Staunton, March 23 – Sholban Kara-ool, the leader of Tuva, yesterday opened a representation office of his republic in Ulan Bator, an event that he said was “long awaited” and that will allow the two republics to deepen their “traditional contacts” in trade and economic cooperation, cultural and educational exchanges, and scientific cooperation.
The product of an agreement between Kyzyl and Moscow last December, the new office will represent the Tuvin counterpart to the Mongolian consulate general in Tuva, which has functioned for ten years and which annually provides visas to more than 5,000 Tuvans who wish to visit Mongolia (www.tuva.asia/news/asia/6068-ulan-bator.html).
Like the permanent representations of the union republics in Moscow during Soviet times, this Tuvan office represents a kind of proto-embassy both practically in terms of what it can do for Tuvans visiting Mongolia and symbolically in terms of what it means to Tuva and its past status as a quasi-independent state that famously issued its own stamps.
At its opening, Sholban Kara-ool said that the new office could promote the use of the new border crossing between Tuva and Russia as part of a larger “transportation corridor between Europe and Asia.” And he urged Mongolian airlines to develop routes between Kyzyl and other cities of Siberia such as Irkutsk and Ulan Ude.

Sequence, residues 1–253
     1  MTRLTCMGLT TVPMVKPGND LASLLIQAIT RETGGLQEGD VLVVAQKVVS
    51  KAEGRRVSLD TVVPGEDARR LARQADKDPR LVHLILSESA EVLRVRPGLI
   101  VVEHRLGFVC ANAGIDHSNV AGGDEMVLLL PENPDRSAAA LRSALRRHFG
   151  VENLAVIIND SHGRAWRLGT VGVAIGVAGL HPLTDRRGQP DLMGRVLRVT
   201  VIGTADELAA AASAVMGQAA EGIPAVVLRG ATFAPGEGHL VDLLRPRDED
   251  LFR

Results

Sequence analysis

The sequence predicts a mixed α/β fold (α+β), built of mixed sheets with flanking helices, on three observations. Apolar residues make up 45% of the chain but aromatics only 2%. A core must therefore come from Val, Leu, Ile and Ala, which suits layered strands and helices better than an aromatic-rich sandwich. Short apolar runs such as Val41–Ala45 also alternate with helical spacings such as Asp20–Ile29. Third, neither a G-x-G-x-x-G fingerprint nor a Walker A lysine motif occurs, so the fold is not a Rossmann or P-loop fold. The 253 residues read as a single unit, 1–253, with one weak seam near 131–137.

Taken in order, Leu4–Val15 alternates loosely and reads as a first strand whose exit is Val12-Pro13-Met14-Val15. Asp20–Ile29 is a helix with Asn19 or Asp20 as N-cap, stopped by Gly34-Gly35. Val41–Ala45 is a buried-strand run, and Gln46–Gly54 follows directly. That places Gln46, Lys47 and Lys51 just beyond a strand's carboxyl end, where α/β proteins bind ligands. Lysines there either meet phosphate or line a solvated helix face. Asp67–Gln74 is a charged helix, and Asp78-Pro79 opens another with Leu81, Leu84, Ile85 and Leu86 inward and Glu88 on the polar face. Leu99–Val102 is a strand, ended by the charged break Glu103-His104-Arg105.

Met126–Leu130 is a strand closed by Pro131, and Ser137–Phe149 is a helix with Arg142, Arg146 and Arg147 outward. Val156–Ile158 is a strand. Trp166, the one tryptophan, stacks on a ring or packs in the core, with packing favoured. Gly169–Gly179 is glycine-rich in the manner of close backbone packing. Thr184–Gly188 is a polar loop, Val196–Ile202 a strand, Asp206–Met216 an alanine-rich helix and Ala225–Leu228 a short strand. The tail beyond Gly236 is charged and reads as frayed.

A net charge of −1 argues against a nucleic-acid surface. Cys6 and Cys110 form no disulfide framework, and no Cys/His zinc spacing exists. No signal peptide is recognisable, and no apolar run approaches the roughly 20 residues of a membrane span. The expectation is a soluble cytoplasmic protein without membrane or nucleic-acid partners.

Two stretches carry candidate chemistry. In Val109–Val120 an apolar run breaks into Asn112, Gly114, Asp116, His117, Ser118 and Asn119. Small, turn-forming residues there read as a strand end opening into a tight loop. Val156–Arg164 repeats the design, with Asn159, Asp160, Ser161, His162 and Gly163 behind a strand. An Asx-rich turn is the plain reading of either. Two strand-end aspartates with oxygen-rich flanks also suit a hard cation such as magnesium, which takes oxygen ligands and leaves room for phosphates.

The new representation office, he continued, “could become a good place for the organization of continuing contacts between Mongolian and Tuvan businessmen,” especially in agriculture and cross-border trade. And he suggested that it opens “enormous possibilities” for tourism in both directions.
Sholban Kara-ool said that the Ulan Bator office could be especially helpful for the 44 Tuvan students now enrolled in Mongolian higher educational institutions. Indeed, he said, they will be able to view it as “a little part of [their] Motherland.” And at the same time, Mongolian students can find out about schools in Tuva in which they might enroll.
Also speaking at the opening was Viktor Samoylenko, the Russian Federation’s ambassador to Ulan Bator. He stressed “the important and timeliness of the opening of the representation” and suggested it would only intensify the already close ties between Tuva and Mongolia.
An increasing number of the non-Russian republics of the Russian Federation are opening such offices in foreign capitals as are many predominantly Russian oblasts and krays. Most are essentially extensions of the Russian embassies in these countries, but those like the new Tuvan one in places with deep historical ties may play a far larger role.
That is because they serve as a reminder to both Tuvans and the countries in which they are located that such republics are not just part of the Russian Federation but something more, a reminder that will only serve to encourage the Tuvans and their partners to think more expansively about what the future may hold.